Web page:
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Shrek - how do the makers change the traditional fairy tale?

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Introduction

A traditional fairy tale usually start's with "Once upon a time..." and nearly all the time consists of a courageous, handsome prince with a quest to save a beautiful, stereotypical princess who is in some sort of predicament, generally being held captive to a hideous beast, a dragon or an ogre and ends with the phrase" ...and they lived happily ever after." We are brought up with this view of fairy tales as all fairy tale stories we are read when we are young follow this basic layout. Shrek therefore must have come as a big surprise to everyone. The traditional view of a courageous, handsome prince is shattered when we are first introduced to Lord Farquaad torturing the gingerbread man. Shrek on the other hand is supposed to be a man-eating beast but instead is portrayed as a comical, loveable monster with a soft Scottish accent. When the film opens we are lulled into a false sense of security by the slow, romantic music and a soft Scottish voice reading from a old style book with a ancient writing style gives the impression that the film is going to be a traditional tale. This image is shattered just a minute later when a loud ripping sound is heard the Scottish voice becomes more crude and says "like ...read more.

Middle

He then enters the torture chamber surrounded by hooded figures with dark lighting used to make the scene scarier. Lord Farquaad is then shown as being a really ugly diminutive figure as opposed to the traditional tall, handsome prince. He then starts to taunt the Gingerbread man and threatens to rip off the Gingerbread man's gumdrop buttons. After losing patience Lord Farquaad throws the Gingerbread man into a bin. These scenes show Lord Farquaad as being a heartless, evil man. Lord Farquaad dreams of being king, so with purely evil intentions he strives to save the princess, but unlike traditional tales instead of rescuing her himself sends Shrek to do his evil deed. As Shrek and Donkey approach Lord Farquaad's castle, the camera moves from ground level upwards. This is called a high angle shot which gives the feeling Shrek and Donkey are just two tiny people approaching a castle towering over them, illustrating the magnitude of the quest ahead. As Shrek enters the castle of Duloe they end up on a more Traditional quest of rescuing the princess from the dragon, with the ultimate aim of recouping his swamp. As they set out on their new quest they are pictured walking through fields, with the sun shining down on them. ...read more.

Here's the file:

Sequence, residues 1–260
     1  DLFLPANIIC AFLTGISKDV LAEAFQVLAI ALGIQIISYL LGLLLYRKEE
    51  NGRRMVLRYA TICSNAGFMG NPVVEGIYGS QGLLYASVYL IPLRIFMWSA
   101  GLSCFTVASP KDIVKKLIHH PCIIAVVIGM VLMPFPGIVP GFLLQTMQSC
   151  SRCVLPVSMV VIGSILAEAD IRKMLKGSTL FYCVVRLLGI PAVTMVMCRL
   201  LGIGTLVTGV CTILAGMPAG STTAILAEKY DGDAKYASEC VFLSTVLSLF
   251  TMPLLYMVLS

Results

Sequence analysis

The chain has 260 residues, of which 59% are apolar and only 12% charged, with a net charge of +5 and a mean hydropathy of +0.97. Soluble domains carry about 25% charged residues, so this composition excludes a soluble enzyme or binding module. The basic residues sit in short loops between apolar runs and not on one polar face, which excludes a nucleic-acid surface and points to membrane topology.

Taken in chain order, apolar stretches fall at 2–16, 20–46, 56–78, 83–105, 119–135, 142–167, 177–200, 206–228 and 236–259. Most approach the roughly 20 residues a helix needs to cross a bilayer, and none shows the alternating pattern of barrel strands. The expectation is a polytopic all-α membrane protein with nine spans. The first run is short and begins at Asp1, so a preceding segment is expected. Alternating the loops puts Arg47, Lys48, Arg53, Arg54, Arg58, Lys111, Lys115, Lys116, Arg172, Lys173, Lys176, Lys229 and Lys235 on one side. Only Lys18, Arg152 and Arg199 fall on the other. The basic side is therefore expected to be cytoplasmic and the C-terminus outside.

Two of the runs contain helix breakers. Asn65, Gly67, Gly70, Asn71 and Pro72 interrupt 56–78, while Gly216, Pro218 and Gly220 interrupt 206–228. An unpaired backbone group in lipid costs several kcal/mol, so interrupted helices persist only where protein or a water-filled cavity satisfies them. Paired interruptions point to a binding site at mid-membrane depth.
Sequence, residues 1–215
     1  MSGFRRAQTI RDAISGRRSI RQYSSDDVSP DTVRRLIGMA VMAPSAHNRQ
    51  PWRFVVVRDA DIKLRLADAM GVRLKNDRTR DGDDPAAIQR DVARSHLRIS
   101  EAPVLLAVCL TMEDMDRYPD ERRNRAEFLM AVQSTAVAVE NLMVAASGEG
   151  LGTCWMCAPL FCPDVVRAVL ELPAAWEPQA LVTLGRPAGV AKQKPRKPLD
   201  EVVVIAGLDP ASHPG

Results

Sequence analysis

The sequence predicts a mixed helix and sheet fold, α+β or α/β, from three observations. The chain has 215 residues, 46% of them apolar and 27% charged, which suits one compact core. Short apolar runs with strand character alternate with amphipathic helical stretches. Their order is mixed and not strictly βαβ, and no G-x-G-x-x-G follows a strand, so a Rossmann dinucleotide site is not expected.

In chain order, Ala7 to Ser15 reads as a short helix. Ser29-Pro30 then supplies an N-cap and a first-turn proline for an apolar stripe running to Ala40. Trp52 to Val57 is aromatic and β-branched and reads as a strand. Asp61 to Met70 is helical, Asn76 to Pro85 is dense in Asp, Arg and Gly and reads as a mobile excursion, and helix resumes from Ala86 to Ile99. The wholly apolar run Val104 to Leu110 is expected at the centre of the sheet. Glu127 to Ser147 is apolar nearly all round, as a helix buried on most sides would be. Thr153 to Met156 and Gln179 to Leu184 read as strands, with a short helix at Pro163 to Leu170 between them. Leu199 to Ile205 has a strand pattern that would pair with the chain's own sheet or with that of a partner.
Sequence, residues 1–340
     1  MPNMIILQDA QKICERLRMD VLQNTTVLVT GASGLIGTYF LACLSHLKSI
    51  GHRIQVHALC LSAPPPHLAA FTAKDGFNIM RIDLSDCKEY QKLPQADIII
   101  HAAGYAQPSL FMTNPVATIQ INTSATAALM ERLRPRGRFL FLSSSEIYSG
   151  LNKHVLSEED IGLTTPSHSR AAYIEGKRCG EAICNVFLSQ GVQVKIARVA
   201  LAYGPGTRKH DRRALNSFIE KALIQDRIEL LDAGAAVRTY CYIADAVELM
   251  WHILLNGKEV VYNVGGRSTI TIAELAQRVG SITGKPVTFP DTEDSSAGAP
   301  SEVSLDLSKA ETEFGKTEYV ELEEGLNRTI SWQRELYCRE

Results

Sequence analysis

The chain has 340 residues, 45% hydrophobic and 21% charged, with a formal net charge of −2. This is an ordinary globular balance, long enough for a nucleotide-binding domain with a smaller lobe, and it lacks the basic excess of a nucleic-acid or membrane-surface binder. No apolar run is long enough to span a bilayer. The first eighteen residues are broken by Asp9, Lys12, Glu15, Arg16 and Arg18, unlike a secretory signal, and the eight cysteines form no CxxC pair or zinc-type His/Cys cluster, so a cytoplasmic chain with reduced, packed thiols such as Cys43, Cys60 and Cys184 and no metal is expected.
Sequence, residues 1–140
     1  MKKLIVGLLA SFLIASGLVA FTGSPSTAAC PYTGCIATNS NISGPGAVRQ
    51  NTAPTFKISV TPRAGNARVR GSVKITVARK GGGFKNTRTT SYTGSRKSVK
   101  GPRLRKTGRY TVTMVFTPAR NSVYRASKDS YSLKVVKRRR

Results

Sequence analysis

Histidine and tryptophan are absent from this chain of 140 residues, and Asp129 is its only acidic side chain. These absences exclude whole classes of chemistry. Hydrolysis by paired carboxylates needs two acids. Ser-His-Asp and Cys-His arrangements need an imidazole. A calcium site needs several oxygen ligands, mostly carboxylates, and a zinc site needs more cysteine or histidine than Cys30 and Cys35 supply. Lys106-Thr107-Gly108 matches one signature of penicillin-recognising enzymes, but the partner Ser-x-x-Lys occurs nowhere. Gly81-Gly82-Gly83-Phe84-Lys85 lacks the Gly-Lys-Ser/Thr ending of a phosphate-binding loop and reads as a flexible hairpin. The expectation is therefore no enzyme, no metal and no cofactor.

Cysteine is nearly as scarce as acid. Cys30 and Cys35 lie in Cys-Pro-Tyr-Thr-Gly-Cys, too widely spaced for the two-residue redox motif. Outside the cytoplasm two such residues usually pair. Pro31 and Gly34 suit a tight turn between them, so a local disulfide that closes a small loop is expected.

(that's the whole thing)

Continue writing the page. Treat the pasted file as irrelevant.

Conclusion

It comes as a great relief when the dragon eats the king and we feel justice has been done. At that moment, Shrek and Princess Fiona finally share true loves' first kiss; Princess Fiona then starts to float and then takes "loves' true form." A brilliant light shines giving the impression that good has conquered evil. It can be seen therefore that the story of Shrek uses presentational devices to reverse our expectations, so that by the end of the film the audience feels happy for Shrek, the unlikely hero, by presenting him as the loveable good guy. The audience feels hatred towards Lord Farquaad his evil; merciless actions make him disliked by everyone. The layout of the film makes it very successful as well as the fact that it was aimed to appeal to all ages. Some of the jokes in the film are clearly aimed at adults, as they would pass over a young child's head. At the end of the film, even though it pushes the boundaries of a traditional fairy tale, it does have all the right ingredients; - it has a prince, princess, an ogre and finally a noble stead. The only difference is the fact that all their roles have been reversed with the prince being evil and the ogre being the good guy and ends with the right couple living "happily ever after." Kieran Casterton 10T Page 1 of 4 Shrek ...read more.

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